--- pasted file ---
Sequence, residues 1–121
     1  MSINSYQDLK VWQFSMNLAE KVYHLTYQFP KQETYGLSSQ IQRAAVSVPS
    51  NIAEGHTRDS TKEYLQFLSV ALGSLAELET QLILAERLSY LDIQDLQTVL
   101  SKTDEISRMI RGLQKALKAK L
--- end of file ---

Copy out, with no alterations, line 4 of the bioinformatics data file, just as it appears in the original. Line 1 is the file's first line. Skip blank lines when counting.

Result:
   101  SKTDEISRMI RGLQKALKAK L